• OpenTable
  • TripAdvisor
  • Yelp
  • YP
  • Zagat

Exposed findings:

Most frequently used review site:

  • Yelp — 44%
  • TripAdvisor — 12%
  • Angie’s List — 8%
  • Citysearch — 6%
  • YP — 4%

Most influential when making final purchase decisions:

  • Yelp — 37%
  • TripAdvisor — 13%
  • Angie’s List — 8%
  • Citysearch — 4%
  • YP — 3%

Most trustworthy reviews:

  • Yelp — 25%
  • TripAdvisor — 17%
  • Angie’s List — 9%
  • Citysearch — 4%
  • YP — 3%

Best quality reviews:

  • Yelp — 24%
  • TripAdvisor — 20%
  • Angie’s List — 9%
  • Citysearch — 3%
  • YP — 2%

The survey also found that 85% of Yelp users report making a purchase within a week of using the site and a substantial minority do so within a day.

Some thoughts and caveats:

The methodology discussion says the survey was commissioned by Yelp. It also says the sample was weighted for age and gender to be representative of review site users. However (and it’s hard to read) it appears that the sample includes “668 self-reported Yelp users.” So there’s a possibility at least of some bias in the sample.

Google was not included in the survey choices. Google arguably does qualify as a review site given its effort to become one over the past several years. In addition, OpenTable and Zagat are mentioned in the blog post but not in the main results exposed (above).

Accordingly, I’m asking for clarification from Yelp on the methodology and asking to see the full survey results.

What are your reactions to this survey? Do you agree? Are you surprised in any way?

Update: Mike Blumenthal pointed me to a survey he fielded using Google Consumer Surveys. The population was people who create local business reviews. The following data (n=1,002) responds to the question “When you leave a review online for a local business which sites are you likely to use?”

local reviews survey

While this answer is somewhat different than the questions asked above it does appear to at least partly contradict the Nielsen findings.

Update 2: Yelp provided some answers to the questions above. I’ve included those in my post at Search Engine Land about the study.


Is Google Shopping Express Destined to Become Webvan?

According to a post on re/code, Google is planning to spend $500 million to build out Shopping Express.The same-day delivery service is currently in limited availability but apparently the company is committed to expanding it nationwide.

Today Google Shopping Express is available in parts of California.

Google Shopping Express delivery areas

Current stores involved in the program include Target, Whole Foods, ToysRUs and a number of others (see graphic below).

Delivery is currently free for six months for “members” (credit card on file). Non-members pay $4.99 per delivery per store. Apparently eventually there will be an Amazon Prime-style fixed fee annual membership.

One version of the story is that Google is seeking to counter or compete with Amazon Fresh and grab a piece of the $500+ billion grocery market in the US. However Google’s ambitions are broader than groceries obviously.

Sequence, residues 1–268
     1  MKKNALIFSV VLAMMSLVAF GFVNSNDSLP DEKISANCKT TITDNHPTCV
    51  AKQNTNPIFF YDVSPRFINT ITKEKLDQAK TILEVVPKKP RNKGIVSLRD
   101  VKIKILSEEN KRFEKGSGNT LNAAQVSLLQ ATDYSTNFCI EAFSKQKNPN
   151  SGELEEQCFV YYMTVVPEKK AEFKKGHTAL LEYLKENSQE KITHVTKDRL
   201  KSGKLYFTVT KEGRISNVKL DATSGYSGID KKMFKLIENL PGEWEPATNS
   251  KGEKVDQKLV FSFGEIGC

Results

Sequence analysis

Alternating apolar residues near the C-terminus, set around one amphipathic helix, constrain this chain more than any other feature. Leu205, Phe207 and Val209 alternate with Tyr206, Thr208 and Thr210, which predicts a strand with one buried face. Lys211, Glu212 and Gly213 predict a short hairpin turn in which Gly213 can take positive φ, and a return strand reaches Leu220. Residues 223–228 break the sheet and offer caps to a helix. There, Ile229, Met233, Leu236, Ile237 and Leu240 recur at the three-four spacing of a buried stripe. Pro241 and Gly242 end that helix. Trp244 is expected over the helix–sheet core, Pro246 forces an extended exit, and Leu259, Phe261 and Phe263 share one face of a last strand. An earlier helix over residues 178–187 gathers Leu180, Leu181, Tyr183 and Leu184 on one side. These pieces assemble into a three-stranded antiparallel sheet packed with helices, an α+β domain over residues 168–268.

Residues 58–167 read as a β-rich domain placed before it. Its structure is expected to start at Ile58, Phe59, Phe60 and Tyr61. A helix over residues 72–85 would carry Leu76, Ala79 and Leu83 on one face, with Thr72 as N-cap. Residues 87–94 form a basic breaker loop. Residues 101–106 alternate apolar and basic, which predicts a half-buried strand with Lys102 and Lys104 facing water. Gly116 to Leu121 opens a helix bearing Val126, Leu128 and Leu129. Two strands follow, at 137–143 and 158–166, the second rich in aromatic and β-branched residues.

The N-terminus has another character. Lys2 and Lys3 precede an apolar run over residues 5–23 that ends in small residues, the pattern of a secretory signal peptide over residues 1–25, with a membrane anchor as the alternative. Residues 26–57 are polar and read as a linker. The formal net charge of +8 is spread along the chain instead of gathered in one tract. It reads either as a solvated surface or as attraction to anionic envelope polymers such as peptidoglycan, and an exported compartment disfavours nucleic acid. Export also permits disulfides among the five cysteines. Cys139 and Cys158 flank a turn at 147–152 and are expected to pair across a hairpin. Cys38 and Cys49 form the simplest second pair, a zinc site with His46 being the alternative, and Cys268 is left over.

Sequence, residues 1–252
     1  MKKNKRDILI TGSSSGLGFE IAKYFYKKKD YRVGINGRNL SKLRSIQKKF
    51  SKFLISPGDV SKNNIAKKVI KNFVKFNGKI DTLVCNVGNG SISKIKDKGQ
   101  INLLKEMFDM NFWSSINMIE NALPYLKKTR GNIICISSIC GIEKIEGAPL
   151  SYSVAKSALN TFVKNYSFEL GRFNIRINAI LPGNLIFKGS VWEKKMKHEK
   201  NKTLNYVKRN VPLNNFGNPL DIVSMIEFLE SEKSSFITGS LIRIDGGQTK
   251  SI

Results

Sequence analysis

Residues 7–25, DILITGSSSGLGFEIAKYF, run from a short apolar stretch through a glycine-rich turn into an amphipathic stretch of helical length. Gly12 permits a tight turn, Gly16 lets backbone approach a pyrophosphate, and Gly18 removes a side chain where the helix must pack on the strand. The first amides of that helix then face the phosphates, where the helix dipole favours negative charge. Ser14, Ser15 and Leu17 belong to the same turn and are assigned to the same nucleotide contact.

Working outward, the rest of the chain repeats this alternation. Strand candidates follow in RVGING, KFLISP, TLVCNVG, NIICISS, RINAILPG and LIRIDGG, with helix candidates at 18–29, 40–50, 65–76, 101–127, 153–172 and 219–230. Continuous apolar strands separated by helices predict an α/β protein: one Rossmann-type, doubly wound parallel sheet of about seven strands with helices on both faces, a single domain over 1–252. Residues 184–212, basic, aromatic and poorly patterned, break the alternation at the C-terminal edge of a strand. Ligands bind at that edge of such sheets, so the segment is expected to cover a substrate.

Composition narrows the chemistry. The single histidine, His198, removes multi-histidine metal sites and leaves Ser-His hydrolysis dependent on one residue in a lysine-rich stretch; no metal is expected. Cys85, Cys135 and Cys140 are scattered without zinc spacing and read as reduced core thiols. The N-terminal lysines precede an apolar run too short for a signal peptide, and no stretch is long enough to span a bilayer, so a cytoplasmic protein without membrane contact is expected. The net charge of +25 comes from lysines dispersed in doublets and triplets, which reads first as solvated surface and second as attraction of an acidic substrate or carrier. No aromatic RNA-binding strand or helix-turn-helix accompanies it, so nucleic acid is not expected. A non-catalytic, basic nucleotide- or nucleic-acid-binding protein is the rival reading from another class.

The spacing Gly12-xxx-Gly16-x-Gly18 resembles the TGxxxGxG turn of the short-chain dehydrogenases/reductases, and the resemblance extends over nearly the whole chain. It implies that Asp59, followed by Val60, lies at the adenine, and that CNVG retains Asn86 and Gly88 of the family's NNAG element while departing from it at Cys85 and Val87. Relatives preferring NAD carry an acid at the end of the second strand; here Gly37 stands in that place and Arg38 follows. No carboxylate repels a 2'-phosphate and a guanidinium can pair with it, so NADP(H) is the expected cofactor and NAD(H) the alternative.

If the company can connect Product Listing Ads, online payments and delivery it creates a “virtuous cycle” where merchants and consumers are both tied to the service (and merchants to PLAs, etc.) and it throws off an enormous amount of “closed loop” shopping data.

Such data would include “offline” buying habits and product preferences by zip (and by individual consumer), as well as purchase-conversion data for merchants. These data could inform lots of other things, including personalized search results, ads and promotions by Google across platforms.

The question is whether consumers will adopt home delivery (and associated fees) en masse. There are many bullish on this proposition. However I remain somewhat skeptical about the mainstream potential for this.

Google shopping express participating stores

Certainly services like Amazon Fresh or Shopping Express are useful on occasion and for specific needs but I don’t think that people will be replacing their real-world shopping with online shopping + local delivery.

Massive dot-com failure Webvan incorrectly assumed, as did and among others, that people would gladly and readily shift their offline shopping behavior online. Many would argue that Webvan was just ahead of its time and spent its cash unwisely. But I think it fundamentally misunderstood consumer behavior.

While online and offline commerce are blurring and more people buy things online, there’s a social-emotional component to offline shopping that can’t be fulfilled by shopping on the PC. People like to go out into stores, be with other people and see products physically. Shopping malls (horrific as they are) are entertainment environments — not just utilitarian collections of stores for consumer convenience.

I could be completely wrong but I’m betting that while services such as Shopping Express and Amazon Fresh can deliver utility and will gain some degree of adoption, they’re not going to be the multi-billion dollar businesses their companies hope.

Google has roughly $60 billion in cash on hand so if Shopping Express does become Webvan it’s obviously not going to cripple the company.